MUMBAI: A month before Pakistan’s ceasefire violation on the eve of Independence Day, a silent battle was raging in Mumbai’s financial district. Two large private banks, a retail brokerage and a state-owned lender faced a cyber attack from hackers across the border that seriously slowed down all online customer transactions.
In the world of cybercrime, such attacks, which could be mistaken as normal traffic overload on the Net, are known as “distributed denial of service”, or DDOS.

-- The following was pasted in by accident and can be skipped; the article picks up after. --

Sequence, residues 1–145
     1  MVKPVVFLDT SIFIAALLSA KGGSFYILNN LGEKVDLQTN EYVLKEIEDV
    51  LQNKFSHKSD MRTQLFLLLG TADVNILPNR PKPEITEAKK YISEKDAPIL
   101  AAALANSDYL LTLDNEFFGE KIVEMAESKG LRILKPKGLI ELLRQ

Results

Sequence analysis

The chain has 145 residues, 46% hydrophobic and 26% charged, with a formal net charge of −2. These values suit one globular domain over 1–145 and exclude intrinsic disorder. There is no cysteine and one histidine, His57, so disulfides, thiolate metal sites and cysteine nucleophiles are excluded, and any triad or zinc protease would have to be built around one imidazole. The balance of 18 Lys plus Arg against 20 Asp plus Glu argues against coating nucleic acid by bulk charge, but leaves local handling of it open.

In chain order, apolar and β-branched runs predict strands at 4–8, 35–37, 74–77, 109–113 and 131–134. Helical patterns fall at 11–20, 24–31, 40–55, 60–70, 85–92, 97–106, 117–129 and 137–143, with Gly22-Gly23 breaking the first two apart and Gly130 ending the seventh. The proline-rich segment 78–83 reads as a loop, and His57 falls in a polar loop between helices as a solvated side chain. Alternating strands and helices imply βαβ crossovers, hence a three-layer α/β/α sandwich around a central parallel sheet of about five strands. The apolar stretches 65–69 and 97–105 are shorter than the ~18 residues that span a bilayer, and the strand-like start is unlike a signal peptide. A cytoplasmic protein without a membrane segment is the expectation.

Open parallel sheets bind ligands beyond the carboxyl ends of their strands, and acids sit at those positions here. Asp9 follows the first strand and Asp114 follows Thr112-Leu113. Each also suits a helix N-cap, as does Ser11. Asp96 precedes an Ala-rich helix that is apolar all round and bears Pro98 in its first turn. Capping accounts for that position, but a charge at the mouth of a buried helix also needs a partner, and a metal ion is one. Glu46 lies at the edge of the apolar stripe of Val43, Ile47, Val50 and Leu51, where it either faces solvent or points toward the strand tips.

According to cyber security head in one of the largest Indian banks, since April there have been several advisories from government agencies like CERT and National Critical Information Infrastructure Protection Centre on DDOS. “In a DDOS attack, if a bank can block the bogus traffic diverted by a hacker for the first 15 minutes, then the attacker typically moves away to a weaker target. But if an institution is unable to resist, then the attacker may demand ransom. Rogue hackers in places lik ..